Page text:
Calum franklin, the executive head chef oflondons holborn dining room, has turned british piemaking into an art form. hes created domed pies with spiral scoring. tiered pies with corinthian columns. rectangular pies with exquisite leaf-work. and myriad other designs that make pies and pts en crote (raised pies) look like escheresque optical illusions. his most gasp-inducing creations include a rabbit, bacon and pistachio voodoo skull pie shaped like amask with florid detailing that brings to mind something indiana jones might unearth in a mayan temple. and apt philippe en crote that he once made with a carefully constructed boudin (sausage) running down themiddle, so that when you cut into it, a clock face was revealed that showed the actual time. i enjoy that side ofthings, franklin tells me, having to work out the weird intricacies and engineering of a pie.
We are sitting in his professional man cave, the pie room, a victorian kitchen, that nestles like the smallest part at the heart of the russian doll, in holborn dining room, as franklins new cookbook describes it. franklin designed the room himself. it shimmers with the glow ofbrass and copper pie moulds. this is where franklin sketches his elaborate designs, many inspired by london buildings. i hear chefs talk about the terroir of the land, about growing up picking elderberries as children, says franklin. i grew up in central london. so how do i tie what i do to my background? how do we give a sense of place to our food? through architecture. the latticework on his first beef wellington was inspired by the atrium roofat the british museum. another pie gave a nod to theart-deco glass dome at the near-demolished whiteleys shopping centre in bayswater.
Of course, none of the surface decoration would meanmuch if the insides didnt live up to expectation. thatpleasure starts as soon as you cut into even the simplest of his pork pies and find the perfect mosaic of meat and other ingredients. the joy of pies, says franklin, is that you get magic moments, such as when you top anapple pie with vanilla ice cream and cold meets hot on just-melting crunchy pastry; or when you dig into a steak and onion pie (franklins favourite) and find the soft meatand caramelised onions and gravy sticking to the crust. this is comfort food at its finest.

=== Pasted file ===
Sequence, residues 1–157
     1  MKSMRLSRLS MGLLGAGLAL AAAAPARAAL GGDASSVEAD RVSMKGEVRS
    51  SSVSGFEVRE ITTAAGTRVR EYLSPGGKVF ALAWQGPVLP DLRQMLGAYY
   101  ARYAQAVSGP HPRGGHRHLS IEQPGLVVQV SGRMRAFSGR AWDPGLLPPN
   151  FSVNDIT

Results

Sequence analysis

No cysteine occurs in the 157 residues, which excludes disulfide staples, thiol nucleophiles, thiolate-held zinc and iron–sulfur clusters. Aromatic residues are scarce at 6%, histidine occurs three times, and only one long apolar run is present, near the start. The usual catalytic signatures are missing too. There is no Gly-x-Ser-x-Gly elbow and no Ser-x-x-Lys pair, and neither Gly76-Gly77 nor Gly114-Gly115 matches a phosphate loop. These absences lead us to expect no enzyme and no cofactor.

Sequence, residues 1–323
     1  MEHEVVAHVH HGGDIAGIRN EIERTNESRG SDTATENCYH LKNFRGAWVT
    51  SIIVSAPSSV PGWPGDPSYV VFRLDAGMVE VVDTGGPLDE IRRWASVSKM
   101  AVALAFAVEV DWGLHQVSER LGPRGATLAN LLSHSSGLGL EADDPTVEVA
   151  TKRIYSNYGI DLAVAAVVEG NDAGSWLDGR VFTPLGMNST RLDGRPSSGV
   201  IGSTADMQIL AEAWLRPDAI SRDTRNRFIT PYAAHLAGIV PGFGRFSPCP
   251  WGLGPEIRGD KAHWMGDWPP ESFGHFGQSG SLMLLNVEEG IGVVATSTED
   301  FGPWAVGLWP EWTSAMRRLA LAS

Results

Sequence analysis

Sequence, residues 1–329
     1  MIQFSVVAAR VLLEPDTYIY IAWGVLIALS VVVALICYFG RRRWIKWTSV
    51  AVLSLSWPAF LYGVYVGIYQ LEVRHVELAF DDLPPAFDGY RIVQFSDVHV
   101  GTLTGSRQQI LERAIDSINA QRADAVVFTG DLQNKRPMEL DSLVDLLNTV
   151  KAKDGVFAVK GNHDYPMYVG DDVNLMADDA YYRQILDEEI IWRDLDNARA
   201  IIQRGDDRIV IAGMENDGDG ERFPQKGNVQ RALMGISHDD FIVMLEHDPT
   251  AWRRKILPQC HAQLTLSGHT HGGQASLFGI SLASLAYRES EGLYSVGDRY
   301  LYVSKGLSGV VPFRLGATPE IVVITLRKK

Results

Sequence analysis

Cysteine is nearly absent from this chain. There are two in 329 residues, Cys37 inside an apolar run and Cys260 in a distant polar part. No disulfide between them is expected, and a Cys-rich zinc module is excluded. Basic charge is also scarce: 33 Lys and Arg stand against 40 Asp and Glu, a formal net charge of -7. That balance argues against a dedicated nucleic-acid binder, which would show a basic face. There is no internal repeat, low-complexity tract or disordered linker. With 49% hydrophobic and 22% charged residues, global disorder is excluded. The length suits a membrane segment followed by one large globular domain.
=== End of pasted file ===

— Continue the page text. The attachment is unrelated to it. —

Given the high bar set by his own pie making, franklins task in writing a cookbook has been to translate his recipes and techniques for the home cook. although he offers detailed instructions on how to make every kind of dough, he concedes that shop-bought pastry will do. there are also handy tips, such as stowing your chopping board in the freezer to help keep the dough firm while you roll. butalongside the more basic pies and pasties (including adelicious-looking keema-spiced cottage pie), there are a few weekend projects that require real stamina. the recipe for beef wellington spans two days. according to franklin, this is the best way to achieve thenecessary wow-factor (and why else make beef wellington?) without having ameltdown. if you cook it right, its something people will talk about for ages.
Time to make a pie myself. franklin hasvery kindly pre-rolled some shortcrust pastry and chilled the meat farce (pork shoulder and loin, chorizo, dried apricots, rosemary, thyme, ground black pepper andwhite mustard seeds) in a bowl-shapedmould. so all i have to do under hissupervision is cut out two circles of pastry, one larger than the other, tip the dome-shaped filling onto the smaller one, egg-washing around the circumference. then i lower the larger disc of pastry on top,smoothing out the creases and crimping the edges. using a nifty rolling device, i cut out a lattice from another slab of pastry, carefully stretch it over the dome, apply more egg-wash and make a hole in the top to release the steam. back at home, the pie goes into the oven, comes out an hour later and cools in the fridge overnight. the next day i pour warm roasted pork jelly into the hole, leaving the pie to cool (and the jelly to set) for another hour before its ready. the cut-through provides a suitably rewarding ta-da moment, exposing a semicircle of apricot-speckled meat and a gorgeous arc ofjelly between the filling and the crust. with a dollop of dijon grain mustard and asalad on the side, the pie tastes every bit asdelicious as it looks.
The pie room: 80 achievable and show-stopping pies and sides for pie lovers everywhere by calum franklin is publishedby bloomsbury at 26